- Mark how the languid eye kindles, and the dull ear hearkens, as first under one figure, and then under another, now as a shepherd seeking his stray sheep, now as a woman anxiously searching for her lost treasure, now as a father running to meet his repentant child, welcoming him with a feast, making holiday in all his house-he has put before him the great patience, and unspeakable kindness of God—is shewn, as in a glass, the joy that there is in heaven over one sinner that repenteth!

And of these three parables, the one we are concerned with to-day, is the last—the parable of the Prodigal Son

--that which has been called and not unfitly, " the crown and pearl of all our Lord's parables.'

In considering this parable, there are three things I would keep in mind.

I. The sin and consequent misery of the prodigal.
II. His repentance, and welcome at his father's hands.
III. The jealousy of the elder brother.

Many points in so great a subject, I must necessarily leave untouched.—The three above taken will furnish us with ample matter for our meditation this morning.

I. The sin of the Prodigal. It was this he left his father's house, and took his father's goods, and wasted them away from home in riotous living.--He threw off the natural restraint which living at home under his father's eye imposed upon him. He would be independent, and have no master but his own will: follow no guide, but act just as passion or impulse might lead him. And so he gathered the portion of goods which fell to his share, and took his journey into a far country, and there wusted his substance with riotous living.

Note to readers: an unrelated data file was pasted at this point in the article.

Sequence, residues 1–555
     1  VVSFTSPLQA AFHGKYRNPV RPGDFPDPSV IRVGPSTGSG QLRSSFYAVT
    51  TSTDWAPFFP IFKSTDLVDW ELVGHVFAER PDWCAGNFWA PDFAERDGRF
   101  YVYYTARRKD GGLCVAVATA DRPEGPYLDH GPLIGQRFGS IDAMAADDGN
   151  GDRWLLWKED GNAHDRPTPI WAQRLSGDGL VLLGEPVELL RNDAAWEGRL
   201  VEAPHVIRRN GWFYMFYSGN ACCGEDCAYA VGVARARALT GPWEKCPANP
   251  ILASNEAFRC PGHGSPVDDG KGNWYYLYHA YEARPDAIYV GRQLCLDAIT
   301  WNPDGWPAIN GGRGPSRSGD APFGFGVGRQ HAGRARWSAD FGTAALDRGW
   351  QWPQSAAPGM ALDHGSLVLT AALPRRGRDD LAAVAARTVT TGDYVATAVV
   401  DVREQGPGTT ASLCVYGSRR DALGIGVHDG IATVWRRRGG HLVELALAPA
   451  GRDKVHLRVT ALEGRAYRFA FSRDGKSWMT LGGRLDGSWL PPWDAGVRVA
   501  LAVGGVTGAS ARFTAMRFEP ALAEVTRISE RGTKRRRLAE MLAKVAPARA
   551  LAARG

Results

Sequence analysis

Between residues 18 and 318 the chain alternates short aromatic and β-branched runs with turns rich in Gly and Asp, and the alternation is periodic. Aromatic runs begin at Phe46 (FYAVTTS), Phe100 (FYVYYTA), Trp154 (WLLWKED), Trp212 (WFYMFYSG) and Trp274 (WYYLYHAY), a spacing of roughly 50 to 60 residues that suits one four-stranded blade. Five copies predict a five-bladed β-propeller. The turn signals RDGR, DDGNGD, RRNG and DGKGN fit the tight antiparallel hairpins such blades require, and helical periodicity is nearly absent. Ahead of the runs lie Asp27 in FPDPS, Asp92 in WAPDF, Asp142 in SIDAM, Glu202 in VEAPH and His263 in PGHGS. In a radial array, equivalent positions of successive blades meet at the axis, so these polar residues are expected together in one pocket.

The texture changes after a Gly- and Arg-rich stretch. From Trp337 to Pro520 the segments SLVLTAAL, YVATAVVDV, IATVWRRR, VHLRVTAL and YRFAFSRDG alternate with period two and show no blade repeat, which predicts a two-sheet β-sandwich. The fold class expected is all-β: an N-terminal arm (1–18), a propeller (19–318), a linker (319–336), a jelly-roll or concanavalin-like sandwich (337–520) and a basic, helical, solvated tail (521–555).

That was his sin-that is still the sin of every one who tries to live independent of God—who takes his health, his youth, his riches, his talents—whatsoever goods fall to him, and uses these without reference to God's pleasure-lives to himself, and for himself in God's world.

All who lead such a life are Prodigals.— They act as did this man in the parable—they change their father's house, and their father's wholesome rule, for a life without restraint, a godless, lawless, irreligious life in the world.